On this day in Baltimore Police History 19 May 2006 we lost our brother Police Officer Anthony A. Byrd died yesterday morning after his patrol car collided with one driven by Officer Raymond E. Cook Jr., who was listed in serious condition at Maryland Shock Trauma Center immediately after the accident. Earlier in the week, Anne Arundel County officers shot and killed 18-year-old Justin James Fisher after, police say, he charged at them wielding a 9-inch pair of scissors. These two events are seemingly unrelated. One happened in Baltimore and was an accident. The other occurred in a county just south of Baltimore that, in some ways, is light-years removed from what's happening on the city's streets. But the incidents highlight, once again -- and we all need reminding of this from time to time -- that a cop's job ain't like ours. You and I go to work each day, more or less assuming that when our shift ends, we'll go home. Once we arrive home, we might be greeted by loving spouses or children. We might have some dinner, watch the tube, perhaps surf the Internet. Those who work in law enforcement -- as well as firefighters and corrections officers -- probably do the same things. But they do them with a difference. We assume we're going home. They can't make the same assumption. That's why, in spite of all the second-guessing going on about Fisher's shooting, none of us can say for certain how we'd have reacted if we were the officers on the scene. And that's why we need to take a moment and reflect on the contributions to Baltimore of men like Byrd and Cook, who both worked in the Southwestern District, which has received more than its share of bad publicity and tragedy in the past two years. It was in January that residents of the Baltimore metropolitan area learned of the alleged misconduct and abuses of the Southwestern District "flex squad," a unit that focuses on drug dealing, violent crime and nuisance crimes. Officer Jemini Jones has been charged with coercing two women into having sex with him in exchange for his not charging them with a crime. Other accusations against Jones and his fellow Southwestern District flex squad members -- who have since been replaced -- include drug possession, illegal gambling, planting drugs on suspects, stealing cell phones from suspects and dropping off a suspected gang member in rival gang territory. That suspect was beaten by gang members and returned later and shot somebody in retaliation, according to a Sun report. Before Byrd, the last officer to die in Baltimore was Brian D. Winder, who was fatally shot in July of 2004. Winder also worked in the Southwestern District. Attorneys for the flex squad officers say they're all innocent. That remains to be seen. But with the charges against them, and with what happened to Winder and now Byrd and Cook, the more superstitious among us might wonder if the Southwestern District is cursed. The more rational among us will scoff at such a notion, but few would disagree that all the bad press the flex squad has received these past few months has overshadowed the work of the scores of good officers in the Southwestern District. Winder was such an officer. So was Byrd and so is Cook. Byrd was an 11-year veteran of the force. In late 1999, with only four years' experience, he was already good enough to be a training officer in the Southwestern District. That same year, Sun police reporter Peter Hermann -- now an assistant city editor -- did an article about Byrd training a rookie police officer named Bryan Ruth. One part of Hermann's article is eerily prescient, considering how Byrd met his end. For officers, coming back home is not a sure thing - archives On the second day of training, Byrd let Ruth drive the patrol car. According to Hermann's article, Ruth ran a stop sign, nearly colliding with another police cruiser.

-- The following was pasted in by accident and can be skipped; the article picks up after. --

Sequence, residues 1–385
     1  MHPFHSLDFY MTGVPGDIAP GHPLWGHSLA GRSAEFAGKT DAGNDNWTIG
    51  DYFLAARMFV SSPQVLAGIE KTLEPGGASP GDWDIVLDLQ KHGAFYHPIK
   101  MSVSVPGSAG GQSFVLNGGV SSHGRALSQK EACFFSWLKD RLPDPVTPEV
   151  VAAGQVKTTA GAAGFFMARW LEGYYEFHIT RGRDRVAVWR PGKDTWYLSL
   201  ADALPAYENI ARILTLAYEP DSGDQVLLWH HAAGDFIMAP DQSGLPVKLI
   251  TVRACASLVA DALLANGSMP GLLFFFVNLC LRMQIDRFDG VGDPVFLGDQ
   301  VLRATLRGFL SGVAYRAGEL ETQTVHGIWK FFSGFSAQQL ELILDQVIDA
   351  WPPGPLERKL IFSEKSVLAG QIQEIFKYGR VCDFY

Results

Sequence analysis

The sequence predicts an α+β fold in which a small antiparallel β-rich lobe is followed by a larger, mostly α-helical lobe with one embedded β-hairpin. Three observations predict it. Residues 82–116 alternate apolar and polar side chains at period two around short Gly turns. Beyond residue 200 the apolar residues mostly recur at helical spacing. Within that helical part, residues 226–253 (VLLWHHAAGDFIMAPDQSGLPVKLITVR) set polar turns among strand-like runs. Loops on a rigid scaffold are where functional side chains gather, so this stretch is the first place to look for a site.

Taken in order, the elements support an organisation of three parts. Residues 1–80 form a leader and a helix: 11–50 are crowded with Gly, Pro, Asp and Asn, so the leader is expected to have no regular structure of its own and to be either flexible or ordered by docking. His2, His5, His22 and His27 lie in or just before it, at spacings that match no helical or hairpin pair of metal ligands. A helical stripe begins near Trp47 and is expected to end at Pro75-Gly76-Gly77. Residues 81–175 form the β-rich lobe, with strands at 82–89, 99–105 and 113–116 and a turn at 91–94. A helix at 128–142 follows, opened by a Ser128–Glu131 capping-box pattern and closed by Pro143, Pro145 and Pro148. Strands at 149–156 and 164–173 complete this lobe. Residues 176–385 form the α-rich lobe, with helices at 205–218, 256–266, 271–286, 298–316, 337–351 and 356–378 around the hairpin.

Byrd was returning to the Southwestern District yesterday morning when the collision occurred. Cook was answering a call for back-up and was coming from district headquarters. Hermann's article is a compelling, well-written tale that illustrates just how dangerous being a cop in a city like Baltimore. No one knows that better than Cook, who survived what might have been at least his third close call in the accident. According to Sun reporter Gus Sentementes, Cook arrested three armed-robbery suspects in 1997. In a separate incident, Cook fatally shot a man who had shot a woman and then fired at the officer after a high-speed chase. Cook was decorated twice by the department for his work. Baltimore Mayor Martin O'Malley has urged us to pray for the families of Byrd and Cook. And well we should. Our prayers and condolences should go out to Byrd's family. Our prayers and hopes for a speedy recovery should go out to Cook's. While we're at it, we can offer up another prayer: For the entire city. One of our best officers has just gone down. This email address is being protected from spambots. You need JavaScript enabled to view it.